We read the book, Braiding Sweetgrass by author Robin Wall Kimmerer which was incredibly inspiring and spiritually enlightening for me personally. 

Clinical Experiences

During my first year as an Oklahoma student midwife, I worked under the guidance of Deanna Norris, LM of Holistic Birthing Services. I attended clinic at her office space in Edmond, Oklahoma through the week and was on-call for the home births of her midwifery families. I attended over 150 prenatal and postpartum clinic appointments and 20 births in this time period. 

In clinic this year, I learned:

  • How to take a client’s vitals including their blood pressure, temperature, and pulse.
  • How to set up for and perform a venipuncture (blood draw) for blood tests.
  • How to fill out lab orders, package specimens, & call the lab to order a specimen pickup for the different tests we performed.
  • How to measure a clients fundal height, use a doppler to asses fetal heart tones, and perform The Leopold maneuvers to palpate a baby’s position in utero. 
  • How to counsel clients on different tests and screenings like GBS, Gestational Diabetes, and blood testing. 
  • How to take an infant’s vitals including their heart rate, temperature, and respirations. I also weighed and measured babies.
  • The beginnings of the newborn exam and performed my first one in August. 
  • How to care for a client and their infant in immediate postpartum including vitals, assessing a client’s postpartum bleeding, and more. 
  • Why ferritin, hemoglobin, hematocrit levels are so important for pregnancy and that the majority of clients need support in increasing these levels during pregnancy. 
  • At the end of my third trimester of school, I was able to perform my first perineal laceration exam and newborn exam.  
  • And so much more!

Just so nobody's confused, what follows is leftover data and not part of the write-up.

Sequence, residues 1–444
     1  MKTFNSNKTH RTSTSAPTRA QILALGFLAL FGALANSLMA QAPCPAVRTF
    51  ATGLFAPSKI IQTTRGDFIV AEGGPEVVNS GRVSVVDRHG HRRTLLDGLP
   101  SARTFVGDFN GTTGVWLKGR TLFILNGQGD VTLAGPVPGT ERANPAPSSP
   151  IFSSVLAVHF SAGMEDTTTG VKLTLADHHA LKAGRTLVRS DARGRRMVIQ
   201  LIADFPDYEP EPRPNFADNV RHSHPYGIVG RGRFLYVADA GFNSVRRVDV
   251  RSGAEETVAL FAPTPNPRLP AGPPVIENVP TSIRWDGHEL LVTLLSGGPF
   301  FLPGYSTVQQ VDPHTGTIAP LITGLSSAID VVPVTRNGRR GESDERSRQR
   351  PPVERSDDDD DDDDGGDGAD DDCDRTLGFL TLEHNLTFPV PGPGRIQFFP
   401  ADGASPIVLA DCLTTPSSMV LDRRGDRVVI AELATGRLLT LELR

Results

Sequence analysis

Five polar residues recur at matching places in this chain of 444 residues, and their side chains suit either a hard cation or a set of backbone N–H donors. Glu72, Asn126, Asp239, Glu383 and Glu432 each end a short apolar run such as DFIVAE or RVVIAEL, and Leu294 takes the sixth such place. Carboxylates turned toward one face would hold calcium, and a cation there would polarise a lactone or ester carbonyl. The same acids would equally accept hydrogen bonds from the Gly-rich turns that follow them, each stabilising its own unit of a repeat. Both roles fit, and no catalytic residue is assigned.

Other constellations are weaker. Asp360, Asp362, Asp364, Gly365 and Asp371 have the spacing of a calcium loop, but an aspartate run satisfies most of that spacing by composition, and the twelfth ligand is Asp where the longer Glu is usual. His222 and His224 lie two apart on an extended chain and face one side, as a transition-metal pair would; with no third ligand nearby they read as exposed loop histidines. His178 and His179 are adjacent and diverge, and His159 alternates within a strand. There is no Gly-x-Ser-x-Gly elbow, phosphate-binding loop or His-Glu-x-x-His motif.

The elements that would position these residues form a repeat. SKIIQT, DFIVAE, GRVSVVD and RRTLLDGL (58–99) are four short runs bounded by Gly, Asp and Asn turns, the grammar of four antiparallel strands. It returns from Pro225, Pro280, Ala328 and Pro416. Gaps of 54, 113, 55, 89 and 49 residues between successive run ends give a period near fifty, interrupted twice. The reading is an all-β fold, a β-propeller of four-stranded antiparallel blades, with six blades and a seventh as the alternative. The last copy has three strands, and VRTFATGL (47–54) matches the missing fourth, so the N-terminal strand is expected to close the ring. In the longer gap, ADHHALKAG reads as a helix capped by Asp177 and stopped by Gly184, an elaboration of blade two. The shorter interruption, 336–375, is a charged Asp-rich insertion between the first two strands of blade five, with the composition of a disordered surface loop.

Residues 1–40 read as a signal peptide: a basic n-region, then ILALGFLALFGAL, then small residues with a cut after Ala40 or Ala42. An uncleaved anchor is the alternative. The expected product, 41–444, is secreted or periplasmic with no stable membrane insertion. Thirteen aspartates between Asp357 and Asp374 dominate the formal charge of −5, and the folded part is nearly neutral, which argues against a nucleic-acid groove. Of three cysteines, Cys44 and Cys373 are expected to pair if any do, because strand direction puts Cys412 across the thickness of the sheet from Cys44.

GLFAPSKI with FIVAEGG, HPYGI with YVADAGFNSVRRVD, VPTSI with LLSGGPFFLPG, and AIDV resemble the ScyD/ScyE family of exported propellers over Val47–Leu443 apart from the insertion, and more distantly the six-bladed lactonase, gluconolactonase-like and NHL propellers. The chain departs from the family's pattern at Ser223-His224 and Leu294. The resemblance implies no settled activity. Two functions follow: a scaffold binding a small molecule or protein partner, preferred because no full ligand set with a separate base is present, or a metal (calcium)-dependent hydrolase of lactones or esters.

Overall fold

My first newborn exam as a student midwife
Performing my first newborn exam on a sweet little midwifery baby under the guidance of Deanna Norris, LM.

Memorable Moments

I had the honor of attending 20+ births in my first year as an Oklahoma student midwife.

One of those births included a twin birth with a whole team of local midwives. Not only was this experience incredible because I was there to witness a beautiful twin home birth, but because I was able to wait patiently for these babies alongside several local midwives. Just listening to them talk about their experiences was wonderful. It isn’t often that so many midwives are all in one room together, so what an opportunity to be a human sponge trying to learn everything I possibly could! 

There was one point during my first year as a student midwife where I attended seven births in ten days! My preceptor and I were both exhausted to say the least! Having back to back births can be difficult for many different reasons, one of them being it often totally messes up your circadian rhythm. It took a week or two to get my sleep patterns back to normal again after so many births in a row with the help of magnesium, skull cap, and occasional melatonin. 

student midwife twin birth
The midwifery team for the twin home birth! Leading midwife Kristin Grauer in front. Deanna Norris, Michelle Gilley, myself, Alyssa McKenzie, Sarah Tilford, & a proud mama and her twins!!

Additional training and instruction

In addition to learning under the guidance of my midwifery preceptor, Deanna Norris LM, I also had the opportunity to learn skills from other great teachers and mentors! 


IV Skills & Venipuncture 

In my third trimester, I was taking the IV skills class. My field preceptor was a close friend of my husbands who is an RN and used to previously teach IV skills practice! Finding a field instructor for the IV skills class can be a little stressful because without the supplies and teacher, you cannot pass the class. You have to have your preceptor figured out by the fifth week of the class as well.